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Not Our Citizens Not Our Problem: Sessions to Turn Away Victims of Violence

Instances of violent racism against immigrants are popping up across the nation. And the implication that immigrant lives matter less than those of American citizens is coming right from Trump’s administration.

Attorney General Jeff Sessions said in newly issued guidance that claims of domestic or gang violence will “generally” no longer be grounds for asylum.

“The mere fact that a country may have problems effectively policing certain crimes — such as domestic violence or gang violence — or that certain populations are more likely to be victims of crime, cannot itself establish an asylum claim,” Sessions wrote.

Sessions vacated a decision by the Board of Immigration Appeals, an arm of the Department of Justice, that granted a woman entry to the United States after suffering years of spousal abuse.

Experts slammed the attorney general’s decision. Beth Werlin, executive director for the American Immigration Council, called the guidance “yet another attempt to close our doors.”

“Turning our backs on victims of violence and deporting them to grave danger should not be the legacy sought by any administration,” she said.

Karen Musalo, director of the Center for Gender & Refugee Studies, called Sessions’ ordinance a “shameful” return to the past.

“Today’s ruling marks a shameful attempt by Sessions to return us to an era when the United States did not recognize women’s rights as human rights, and women fleeing horrific gender-based persecution were wrongfully denied refugee protection,” she said.

Activists are not alone in their anger. A group of 15 retired immigration judges penned an open letter to Sessions. According to the judges, Sessions’ decision simply doesn’t make sense.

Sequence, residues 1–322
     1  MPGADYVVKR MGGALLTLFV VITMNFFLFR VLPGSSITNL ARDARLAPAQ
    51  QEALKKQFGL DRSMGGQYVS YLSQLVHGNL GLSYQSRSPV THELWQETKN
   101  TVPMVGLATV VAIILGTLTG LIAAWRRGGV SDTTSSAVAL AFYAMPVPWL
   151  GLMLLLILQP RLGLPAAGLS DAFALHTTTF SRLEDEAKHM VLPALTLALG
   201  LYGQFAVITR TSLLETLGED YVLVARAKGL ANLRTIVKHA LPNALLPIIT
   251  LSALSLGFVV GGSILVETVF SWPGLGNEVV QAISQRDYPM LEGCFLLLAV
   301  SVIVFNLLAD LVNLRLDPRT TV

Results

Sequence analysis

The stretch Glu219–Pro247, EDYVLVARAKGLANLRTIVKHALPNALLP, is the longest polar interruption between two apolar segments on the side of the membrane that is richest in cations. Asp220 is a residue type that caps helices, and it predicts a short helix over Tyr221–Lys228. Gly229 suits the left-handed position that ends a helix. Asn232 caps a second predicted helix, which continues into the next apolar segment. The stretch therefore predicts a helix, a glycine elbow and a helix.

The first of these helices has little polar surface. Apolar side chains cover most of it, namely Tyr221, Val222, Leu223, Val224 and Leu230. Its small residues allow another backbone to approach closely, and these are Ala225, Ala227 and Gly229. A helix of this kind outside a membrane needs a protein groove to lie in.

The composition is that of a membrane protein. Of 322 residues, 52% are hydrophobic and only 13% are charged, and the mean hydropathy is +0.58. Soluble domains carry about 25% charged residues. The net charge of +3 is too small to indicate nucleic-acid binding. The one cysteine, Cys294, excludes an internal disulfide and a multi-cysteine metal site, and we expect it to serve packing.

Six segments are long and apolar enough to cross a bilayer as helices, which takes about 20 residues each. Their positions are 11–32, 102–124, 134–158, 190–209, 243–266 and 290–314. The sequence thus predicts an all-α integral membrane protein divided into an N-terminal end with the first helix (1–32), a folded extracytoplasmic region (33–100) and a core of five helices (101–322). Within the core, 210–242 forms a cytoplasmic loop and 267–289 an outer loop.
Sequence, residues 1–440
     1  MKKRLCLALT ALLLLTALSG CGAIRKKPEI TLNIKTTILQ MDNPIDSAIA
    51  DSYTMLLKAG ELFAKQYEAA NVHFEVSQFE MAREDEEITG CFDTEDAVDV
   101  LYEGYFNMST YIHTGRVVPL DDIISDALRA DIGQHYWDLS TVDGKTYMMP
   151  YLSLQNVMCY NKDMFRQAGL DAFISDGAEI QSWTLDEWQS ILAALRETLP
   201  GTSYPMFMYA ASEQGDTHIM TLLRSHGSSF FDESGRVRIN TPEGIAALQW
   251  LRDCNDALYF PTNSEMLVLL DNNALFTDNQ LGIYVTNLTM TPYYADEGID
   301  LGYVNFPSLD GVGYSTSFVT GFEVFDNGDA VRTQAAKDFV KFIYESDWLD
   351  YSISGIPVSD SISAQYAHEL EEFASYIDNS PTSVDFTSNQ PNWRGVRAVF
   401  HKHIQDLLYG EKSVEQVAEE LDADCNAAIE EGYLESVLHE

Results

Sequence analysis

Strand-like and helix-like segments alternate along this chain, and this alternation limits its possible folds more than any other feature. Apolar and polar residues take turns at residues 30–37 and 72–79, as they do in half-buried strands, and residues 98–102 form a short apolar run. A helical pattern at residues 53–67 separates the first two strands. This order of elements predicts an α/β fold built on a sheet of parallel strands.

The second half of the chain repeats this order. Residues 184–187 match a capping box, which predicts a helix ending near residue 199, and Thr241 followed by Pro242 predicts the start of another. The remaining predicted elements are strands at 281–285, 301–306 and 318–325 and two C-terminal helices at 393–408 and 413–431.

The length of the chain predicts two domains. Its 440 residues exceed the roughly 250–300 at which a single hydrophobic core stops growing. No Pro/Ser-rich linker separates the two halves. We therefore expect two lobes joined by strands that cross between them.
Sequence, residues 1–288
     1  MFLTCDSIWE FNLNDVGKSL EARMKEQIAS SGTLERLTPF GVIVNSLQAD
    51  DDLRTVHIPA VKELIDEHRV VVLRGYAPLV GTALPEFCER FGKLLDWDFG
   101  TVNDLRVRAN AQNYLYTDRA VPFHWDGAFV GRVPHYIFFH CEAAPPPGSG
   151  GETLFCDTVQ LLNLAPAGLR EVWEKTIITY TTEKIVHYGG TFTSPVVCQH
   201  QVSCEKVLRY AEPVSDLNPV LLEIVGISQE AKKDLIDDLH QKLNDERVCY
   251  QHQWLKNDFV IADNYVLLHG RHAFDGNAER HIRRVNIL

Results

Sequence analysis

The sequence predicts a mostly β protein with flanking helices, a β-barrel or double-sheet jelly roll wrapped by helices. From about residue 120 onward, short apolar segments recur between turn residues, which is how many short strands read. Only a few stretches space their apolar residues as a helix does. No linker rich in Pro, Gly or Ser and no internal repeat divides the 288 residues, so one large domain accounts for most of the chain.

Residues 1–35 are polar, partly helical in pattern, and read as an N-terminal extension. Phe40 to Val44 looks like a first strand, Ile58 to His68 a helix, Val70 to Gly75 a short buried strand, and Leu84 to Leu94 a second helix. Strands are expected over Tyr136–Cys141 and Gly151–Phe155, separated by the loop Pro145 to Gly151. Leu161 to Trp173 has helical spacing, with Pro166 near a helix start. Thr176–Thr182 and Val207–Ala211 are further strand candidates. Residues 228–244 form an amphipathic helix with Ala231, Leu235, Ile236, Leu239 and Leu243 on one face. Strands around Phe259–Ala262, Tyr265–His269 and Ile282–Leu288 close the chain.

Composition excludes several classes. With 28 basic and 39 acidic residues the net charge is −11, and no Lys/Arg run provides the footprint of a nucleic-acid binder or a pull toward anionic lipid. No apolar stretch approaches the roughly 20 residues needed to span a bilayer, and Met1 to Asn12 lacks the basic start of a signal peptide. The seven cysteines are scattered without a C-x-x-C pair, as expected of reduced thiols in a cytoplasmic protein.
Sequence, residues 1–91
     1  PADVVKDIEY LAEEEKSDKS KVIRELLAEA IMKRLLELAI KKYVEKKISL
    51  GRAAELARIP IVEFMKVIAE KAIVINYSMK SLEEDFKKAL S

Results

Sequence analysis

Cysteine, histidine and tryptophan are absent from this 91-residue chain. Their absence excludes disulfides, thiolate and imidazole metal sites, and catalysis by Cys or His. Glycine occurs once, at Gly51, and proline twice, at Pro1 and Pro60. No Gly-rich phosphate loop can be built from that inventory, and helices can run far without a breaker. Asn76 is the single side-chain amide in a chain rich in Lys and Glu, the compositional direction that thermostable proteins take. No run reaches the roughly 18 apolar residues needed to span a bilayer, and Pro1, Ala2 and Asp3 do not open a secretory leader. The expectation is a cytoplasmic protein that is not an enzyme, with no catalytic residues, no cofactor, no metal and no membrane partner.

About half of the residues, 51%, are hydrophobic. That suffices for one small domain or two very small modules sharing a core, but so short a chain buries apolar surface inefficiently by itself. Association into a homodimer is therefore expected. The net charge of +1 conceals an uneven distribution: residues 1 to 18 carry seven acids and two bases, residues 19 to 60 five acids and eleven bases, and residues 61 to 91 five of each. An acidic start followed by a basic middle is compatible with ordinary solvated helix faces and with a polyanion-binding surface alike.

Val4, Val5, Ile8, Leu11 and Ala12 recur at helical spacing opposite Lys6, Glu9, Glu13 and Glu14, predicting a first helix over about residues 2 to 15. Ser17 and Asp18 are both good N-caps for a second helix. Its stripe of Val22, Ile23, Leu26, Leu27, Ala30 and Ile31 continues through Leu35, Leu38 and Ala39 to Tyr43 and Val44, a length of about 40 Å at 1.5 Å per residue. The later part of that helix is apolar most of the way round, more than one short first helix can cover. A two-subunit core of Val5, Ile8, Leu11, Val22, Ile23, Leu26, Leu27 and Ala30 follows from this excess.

“For reasons understood only by himself, the Attorney General today erased an important legal development that was universally agreed to be correct,” the judges stated. “Today we are deeply disappointed that our country will no longer offer legal protection to women seeking refuge from terrible forms of domestic violence from which their home countries are unable or unwilling to protect them.”

The Justice Department’s latest document falls in line with the “zero tolerance” mindset that the Trump administration will likely be remembered for. Per new guidelines, anyone crossing the border — even if they are seeking asylum or traveling with children — will be considered criminals.

And it’s not only the adults Trump’s team is making suffer. Sen. Jeff Merkley, a Democrat from Oregon and a frequent Trump critic, took a trip to the border to see the conditions of the centers that house undocumented children.

Photos of immigration facilities with children held in cages recently circulated, and Democrats were quick to use them as leverage against the Trump administration. Criticism died down after it was discovered that these photos were actually taken during the Obama era. But Merkley said on CNN that “hundreds of children” remain caged at a Texas center.

Merkley was not permitted to take photos of the McAllen, Texas, facility he visited. But he described what he saw inside.

“When I was at the center at McAllen Border Station, this is the processing center, earlier and I was admitted there and I did see the people, hundreds of children locked up in cages there at that facility,” he said on CNN.

“They have big cages made out of fencing and then wire and nets stretched across the top of them so people can’t climb out of them,” he added.

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